in tho following stylo:
Tho success of Androw Johnson, If it
wero possible, wouiu destroy roroverer all
villc, is shameful. Professing to bo a Dem
ocratic paper it supports the chief disor
ganb.er. Tho Banner and Avalanche aro
more consistent, for their object is evident
nnd declared. Tho Times, at Chattanooira.
tho only Democratic daily now In East
Tennessee, is doing noble work, anu de
serves the thanks and support of the party
throughout tho State. Tho J'rcss and
Herald cannot bo considered a Democrat
ic paper, because it is trying to disorganize
and uestrov tho nartv. Tliero urn several
other good and true papers in East Ten
nessee, among mem, me Alliens J 'osf,
Sweetwater Kntcrprhr, Morristown (la
cctte, Cleveland Jianncr, nnd others which
it has not been my good fortuno to see.
The publication of tho following letter,
in reply to that of lho iloii.Gco. W. Em
ery, Chairman Republican State Commit'
tee, published on Tuesday morning has
been delayed becauso of the pressure upon
our columns. It is given now to answer
repeated inquiries as to whether the ap
pointment" tendered in that letter has
been accepted :
KNoxvii,iii:Tr.NN Oct. 15. 1S72.
Sin: Your esteemed favor of the 12th
inst. notifying mo of my appointment as
one of the Electors for the State at Largo
upon tlie Republican ticitet, to nil tne va
cancy caused by tho resignation of Judge
HouK, has been received. I thank you and
your associates lor mo nonor mus conierr
ed and accent the nomination.
I do not know that I can address tho
people of Tennessee at many points in the
few weeks left of.tho canvass, hence I take
this opportunity of presenting to them
some considerations which I think should
Influence them in voting for Grant and
The present canvass is unlike any we
have had in this country, for in so far as
the policy and acts of tho Republican par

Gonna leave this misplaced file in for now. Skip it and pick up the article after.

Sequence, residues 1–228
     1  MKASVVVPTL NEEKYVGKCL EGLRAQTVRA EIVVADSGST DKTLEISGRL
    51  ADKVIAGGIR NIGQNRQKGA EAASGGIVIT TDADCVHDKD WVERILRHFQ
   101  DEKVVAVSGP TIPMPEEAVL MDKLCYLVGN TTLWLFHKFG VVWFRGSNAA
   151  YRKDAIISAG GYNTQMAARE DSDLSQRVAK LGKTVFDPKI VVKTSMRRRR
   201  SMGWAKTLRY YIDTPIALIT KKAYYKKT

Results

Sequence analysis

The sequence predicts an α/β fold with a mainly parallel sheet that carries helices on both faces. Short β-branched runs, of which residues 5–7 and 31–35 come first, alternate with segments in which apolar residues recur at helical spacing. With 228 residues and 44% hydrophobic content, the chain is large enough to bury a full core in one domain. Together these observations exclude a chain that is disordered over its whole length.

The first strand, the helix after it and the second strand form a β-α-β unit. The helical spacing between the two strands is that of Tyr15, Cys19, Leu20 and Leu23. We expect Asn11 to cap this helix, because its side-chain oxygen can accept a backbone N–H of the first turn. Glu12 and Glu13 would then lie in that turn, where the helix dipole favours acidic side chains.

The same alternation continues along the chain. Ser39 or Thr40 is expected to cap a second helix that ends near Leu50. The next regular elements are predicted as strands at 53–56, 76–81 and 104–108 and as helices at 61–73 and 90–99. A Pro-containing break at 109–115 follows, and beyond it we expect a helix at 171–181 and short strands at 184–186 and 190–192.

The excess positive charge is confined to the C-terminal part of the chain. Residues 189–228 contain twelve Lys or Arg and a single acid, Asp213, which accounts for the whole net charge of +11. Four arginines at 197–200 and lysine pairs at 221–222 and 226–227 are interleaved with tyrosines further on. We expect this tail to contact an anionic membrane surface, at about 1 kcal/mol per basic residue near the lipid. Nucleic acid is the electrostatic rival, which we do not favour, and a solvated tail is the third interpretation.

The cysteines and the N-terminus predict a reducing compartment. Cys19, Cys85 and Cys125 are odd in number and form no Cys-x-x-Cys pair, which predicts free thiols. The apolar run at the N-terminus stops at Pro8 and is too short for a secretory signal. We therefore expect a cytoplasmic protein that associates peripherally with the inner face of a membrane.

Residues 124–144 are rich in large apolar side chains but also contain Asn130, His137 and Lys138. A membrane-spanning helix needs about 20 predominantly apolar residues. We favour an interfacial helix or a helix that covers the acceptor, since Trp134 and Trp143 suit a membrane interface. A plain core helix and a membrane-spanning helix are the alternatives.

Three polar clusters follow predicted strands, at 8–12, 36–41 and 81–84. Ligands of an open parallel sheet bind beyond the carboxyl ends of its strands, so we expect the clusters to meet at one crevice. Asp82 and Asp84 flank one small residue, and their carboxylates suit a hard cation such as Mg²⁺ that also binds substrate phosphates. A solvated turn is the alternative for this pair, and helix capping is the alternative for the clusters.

ty for tho past twelve eventful years are
concerned, wo have the confession of our
opponents plainly made in their Cincin
natl-Baltimore conventions, that wo were
right and they wero wrong. Wo may
question the sincerity of this confession,
wo may doubt that if successful their
promises would be fulfilled, but for all tho
purposes of a canvass we havo them upon
record as endorsing the wisdom and policy
of our party through tho trying period to
which I havo referred. We aro not there
fore challenged to defend tho past. Wo
can look to it for the record of tho Democ
racy to judge by it what will probably be
their future, but they can not look to it for
such a purpose, for in confessing that our
acts havo been wise and just, they offer an
assurance that it is a good guarantee for tho
future. As to tho past then, wo need have
no concern.
What is to divide us now? Purely a
choico of persons for President, and of tho
policy they may be expected to pursuo
for the future- As between Gen. Grant
and Mr. Greeley, no sensible southern man
should hesitate to chooso in favor of the
former. He has been more honorable,
fairer, and more conciliatory in his policy
towards the South than Greeley. Tliero
is not a statute upon our books to-day, of
which the South complains, that has not
been fully indorsed or advocated
by Horace Greeley, I challenge
any man to point to a single unkind, un
charitable word Gen. Grant has ever ut
tered of the Southern people, or a single
act either private or olllcial, dishonorable to
them or inimical to Southern interests.
As President, it was his duty to suppress
tho violence that bands of lawless men in
flicted upon sections of the South, but If
In doing this, arbitrary measures were ne
cessary and some innocent men suffered,,
as is always probable under such circum
stances, who should be held responsible for
It tho turbulent spirits of the South who
Incited tho violence, or tho President who
simply did Ills duty in protecting innocent
citizens In their persons and property? If
the general polloy of Gen. Grant has been
of the character claimed, is it not far better
policy far tho South to show by its votes
that it appreciates such acts ami thereby
establish borne claim upon tho President
personally for tho coming four years, than